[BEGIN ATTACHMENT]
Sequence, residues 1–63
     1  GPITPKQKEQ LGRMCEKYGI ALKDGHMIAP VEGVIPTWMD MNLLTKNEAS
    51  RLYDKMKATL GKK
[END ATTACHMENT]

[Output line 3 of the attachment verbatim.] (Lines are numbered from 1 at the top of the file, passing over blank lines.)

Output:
    51  RLYDKMKATL GKK